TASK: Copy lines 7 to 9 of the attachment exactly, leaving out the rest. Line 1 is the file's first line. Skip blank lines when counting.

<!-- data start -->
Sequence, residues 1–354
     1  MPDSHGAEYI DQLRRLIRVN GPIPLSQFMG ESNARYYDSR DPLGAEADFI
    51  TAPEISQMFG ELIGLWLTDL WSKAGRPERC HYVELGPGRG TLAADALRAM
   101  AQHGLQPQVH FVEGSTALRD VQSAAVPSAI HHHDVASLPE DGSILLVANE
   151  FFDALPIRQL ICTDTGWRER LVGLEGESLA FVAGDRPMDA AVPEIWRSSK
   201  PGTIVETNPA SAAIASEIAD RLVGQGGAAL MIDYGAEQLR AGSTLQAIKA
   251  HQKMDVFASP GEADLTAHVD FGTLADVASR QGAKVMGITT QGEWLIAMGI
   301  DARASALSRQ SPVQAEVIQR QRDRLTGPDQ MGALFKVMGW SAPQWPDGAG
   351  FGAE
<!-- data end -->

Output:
   251  HQKMDVFASP GEADLTAHVD FGTLADVASR QGAKVMGITT QGEWLIAMGI
   301  DARASALSRQ SPVQAEVIQR QRDRLTGPDQ MGALFKVMGW SAPQWPDGAG
   351  FGAE